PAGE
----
Ryan McCartney, Associate Head Coach & Defensive Coordinator, Seymour (IN) High School, shares one of his favorite pressures: send the Outside Linebacker (OLB) and Inside Linebacker (ILB) from the same side while utilizing a slanting defensive front.
When playing zone defense, the linebacker must recognize the pass play, go immediately to his zone, get as deep in his zone as he can before the quarterback sets to throw, focus on the quarterback and the ball, and react to the pass. The ball directs the linebacker to the receiver.
The linebacker who can perform these fundamentals will be successful regardless of scheme. No matter what defense you devise, you will be able to use a defender who can consistently execute the ABCs.
Why keep a player who is an above-average pass defender on the backside of twins to play in space vs. a TE, or worse, at the line vs. a blocking TE? To avoid this dilemma, in the 4-2-5 we use a concept called “Flip.”
Many defensive coordinators cringe when they think about blitzing. Why? So many times, blitzing results in having to play Cover-0 or man coverage behind the blitz. Sometimes, more talented teams can zone blitz – but even then, they’re giving up grass and using players who don’t normally have to cover the pass. Because our box players are independent from our secondary, our 4-2-5 blitz packages allow us to stay fundamentally sound without changing the rules of coverage for our secondary players.
Man-to-man pass coverage is a classic, one-on-one match-up—one pass receiver running a route against one defender assigned to cover him. Man-to-man pass coverage can be effective if the defender plays with good technique and is able to stay close to his assigned man.
Offenses utilize motion and shifting to out-leverage the defense to attack how a defense sets its strength/front. Auburn University, for example, has built an entire offense based upon using pre-snap wide-receiver motion to move defenses and to out-leverage a defense’s alignment. This article provides ideas and strategies to counteract an offense’s motion. Complete with diagrams and rules that will help you implement these tactics into your defensive game plan.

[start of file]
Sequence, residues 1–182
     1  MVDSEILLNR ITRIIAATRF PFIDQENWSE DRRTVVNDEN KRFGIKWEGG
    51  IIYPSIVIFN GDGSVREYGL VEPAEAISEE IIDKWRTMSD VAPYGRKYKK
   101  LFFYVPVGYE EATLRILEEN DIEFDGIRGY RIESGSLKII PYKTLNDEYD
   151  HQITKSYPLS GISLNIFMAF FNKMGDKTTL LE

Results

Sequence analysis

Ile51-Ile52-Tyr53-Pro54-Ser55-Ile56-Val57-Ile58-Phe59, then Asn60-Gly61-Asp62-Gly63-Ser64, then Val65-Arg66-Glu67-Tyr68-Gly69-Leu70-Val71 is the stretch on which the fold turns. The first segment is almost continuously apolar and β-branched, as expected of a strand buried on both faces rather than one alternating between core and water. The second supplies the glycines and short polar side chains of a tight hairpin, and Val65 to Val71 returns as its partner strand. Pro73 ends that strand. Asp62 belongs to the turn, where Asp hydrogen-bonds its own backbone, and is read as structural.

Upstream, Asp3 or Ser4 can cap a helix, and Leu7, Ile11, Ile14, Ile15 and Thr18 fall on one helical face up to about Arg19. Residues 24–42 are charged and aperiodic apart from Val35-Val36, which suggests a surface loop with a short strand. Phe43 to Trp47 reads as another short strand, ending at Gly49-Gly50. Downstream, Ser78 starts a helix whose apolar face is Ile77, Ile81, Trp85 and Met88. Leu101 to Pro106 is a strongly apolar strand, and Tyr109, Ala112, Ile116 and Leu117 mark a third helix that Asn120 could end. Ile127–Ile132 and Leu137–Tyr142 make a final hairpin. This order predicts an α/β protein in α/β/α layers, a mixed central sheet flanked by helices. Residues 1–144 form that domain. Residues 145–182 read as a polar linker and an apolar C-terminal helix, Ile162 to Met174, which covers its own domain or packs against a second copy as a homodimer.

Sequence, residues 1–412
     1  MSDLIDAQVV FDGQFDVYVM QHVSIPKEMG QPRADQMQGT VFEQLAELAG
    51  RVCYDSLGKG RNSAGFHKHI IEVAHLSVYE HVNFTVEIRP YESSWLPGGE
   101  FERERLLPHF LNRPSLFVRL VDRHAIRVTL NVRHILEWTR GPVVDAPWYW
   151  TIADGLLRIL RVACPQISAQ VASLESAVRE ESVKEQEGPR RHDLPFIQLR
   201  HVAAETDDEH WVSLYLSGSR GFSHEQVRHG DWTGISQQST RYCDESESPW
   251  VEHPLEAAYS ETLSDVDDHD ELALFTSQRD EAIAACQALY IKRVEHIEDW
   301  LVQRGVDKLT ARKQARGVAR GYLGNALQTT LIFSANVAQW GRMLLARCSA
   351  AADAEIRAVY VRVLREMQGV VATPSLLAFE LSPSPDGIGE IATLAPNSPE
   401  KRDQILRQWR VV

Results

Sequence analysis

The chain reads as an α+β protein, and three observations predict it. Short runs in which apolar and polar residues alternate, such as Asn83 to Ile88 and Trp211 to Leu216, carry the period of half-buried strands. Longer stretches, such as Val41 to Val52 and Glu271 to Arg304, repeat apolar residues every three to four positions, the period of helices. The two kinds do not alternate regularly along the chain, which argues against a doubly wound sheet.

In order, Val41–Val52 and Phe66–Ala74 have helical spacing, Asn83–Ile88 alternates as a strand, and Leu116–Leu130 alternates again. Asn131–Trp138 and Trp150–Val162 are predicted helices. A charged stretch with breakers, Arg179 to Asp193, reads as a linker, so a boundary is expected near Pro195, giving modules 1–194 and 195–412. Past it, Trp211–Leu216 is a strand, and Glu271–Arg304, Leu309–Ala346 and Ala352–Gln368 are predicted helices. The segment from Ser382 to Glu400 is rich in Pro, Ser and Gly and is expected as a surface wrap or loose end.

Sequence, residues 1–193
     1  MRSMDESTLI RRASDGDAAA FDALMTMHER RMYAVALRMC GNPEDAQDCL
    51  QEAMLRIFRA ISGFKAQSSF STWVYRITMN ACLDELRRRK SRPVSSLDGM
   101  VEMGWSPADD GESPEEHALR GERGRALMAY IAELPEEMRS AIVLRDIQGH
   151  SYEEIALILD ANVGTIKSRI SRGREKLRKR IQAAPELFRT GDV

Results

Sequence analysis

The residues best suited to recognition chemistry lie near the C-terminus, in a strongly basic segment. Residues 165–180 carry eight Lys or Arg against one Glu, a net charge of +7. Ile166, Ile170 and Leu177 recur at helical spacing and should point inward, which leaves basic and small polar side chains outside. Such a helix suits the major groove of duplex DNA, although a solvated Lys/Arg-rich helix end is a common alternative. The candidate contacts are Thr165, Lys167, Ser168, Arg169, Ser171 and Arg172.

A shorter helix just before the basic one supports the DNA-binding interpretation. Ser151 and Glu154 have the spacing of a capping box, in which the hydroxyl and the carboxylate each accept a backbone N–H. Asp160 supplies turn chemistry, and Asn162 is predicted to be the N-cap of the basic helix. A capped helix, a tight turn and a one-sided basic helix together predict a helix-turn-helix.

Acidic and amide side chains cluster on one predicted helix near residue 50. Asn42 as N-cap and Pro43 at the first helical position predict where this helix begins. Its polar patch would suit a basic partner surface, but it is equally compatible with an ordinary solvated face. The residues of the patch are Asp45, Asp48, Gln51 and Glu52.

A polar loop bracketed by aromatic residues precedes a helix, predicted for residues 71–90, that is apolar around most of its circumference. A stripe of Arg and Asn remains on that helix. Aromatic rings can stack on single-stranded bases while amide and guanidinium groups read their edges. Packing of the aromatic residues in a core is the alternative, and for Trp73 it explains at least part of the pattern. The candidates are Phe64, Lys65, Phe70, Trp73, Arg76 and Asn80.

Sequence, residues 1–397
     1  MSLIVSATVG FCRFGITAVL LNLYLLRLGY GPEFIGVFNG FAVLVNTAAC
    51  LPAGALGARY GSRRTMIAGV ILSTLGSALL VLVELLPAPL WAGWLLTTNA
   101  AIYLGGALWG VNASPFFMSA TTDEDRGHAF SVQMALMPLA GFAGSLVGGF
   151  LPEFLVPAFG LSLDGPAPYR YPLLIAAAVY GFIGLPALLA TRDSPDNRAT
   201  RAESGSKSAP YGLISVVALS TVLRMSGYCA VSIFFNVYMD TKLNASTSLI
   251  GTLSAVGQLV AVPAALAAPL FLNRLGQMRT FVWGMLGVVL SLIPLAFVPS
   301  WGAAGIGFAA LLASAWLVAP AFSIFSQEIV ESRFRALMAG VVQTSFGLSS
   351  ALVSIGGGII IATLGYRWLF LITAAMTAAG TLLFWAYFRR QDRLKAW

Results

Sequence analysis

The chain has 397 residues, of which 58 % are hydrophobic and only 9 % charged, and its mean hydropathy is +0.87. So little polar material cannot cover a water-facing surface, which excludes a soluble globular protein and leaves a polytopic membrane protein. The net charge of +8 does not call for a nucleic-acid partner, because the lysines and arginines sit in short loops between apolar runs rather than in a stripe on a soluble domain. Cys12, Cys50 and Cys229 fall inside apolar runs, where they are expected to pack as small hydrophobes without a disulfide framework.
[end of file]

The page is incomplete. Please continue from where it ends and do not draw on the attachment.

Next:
This article outlines how one program developed an innovative coaching aid they called, “Coverage 101 Sessions,” which is designed as an easy-to-understand teaching system that helps defensive players to better understand each coverage used in their defense. With “Coverage 101 Sessions,” defenders learn the strengths of each coverage, the vulnerabilities of each coverage and the critical components to know for better on-field execution. Complete with teaching examples and coverage diagrams, you’ll be able to add this game-proven system to your defensive regimen.
The topic that I would like to discuss today is the University of Montana’s Hurricane Zone Blitz. We used the name “Hurricane” because we denoted our boundary corner with the letter “H.” The advantages of having a boundary corner (H) pressure are as follows.
At Texas State, our multiple front defense and entire calling system was based on the alignment of the defensive linemen. Whether we based out of a 3-4 or 4-3 scheme, it is called the same. This is something we did since the late ’70s, and it has been expanded over the years as defensive football has evolved.
For players and staff, signaling calls to the defense can be some of the most anxious and exciting moments in the game. Coaches and players must exchange information quickly and precisely. The quicker the information is signaled, the more confident the unit will be and the more time they will have to study the offense at the line of scrimmage.
Even with today’s fast and furious spread offense, if your defense cannot stop an opponent’s running game, your team is finished. This article outlines three tried-and-true run blitzes that all defensive coordinators need to keep in their arsenal. Complete with diagrams and player assignments, you’ll be able to add these run-blitzes immediately into your call sheet.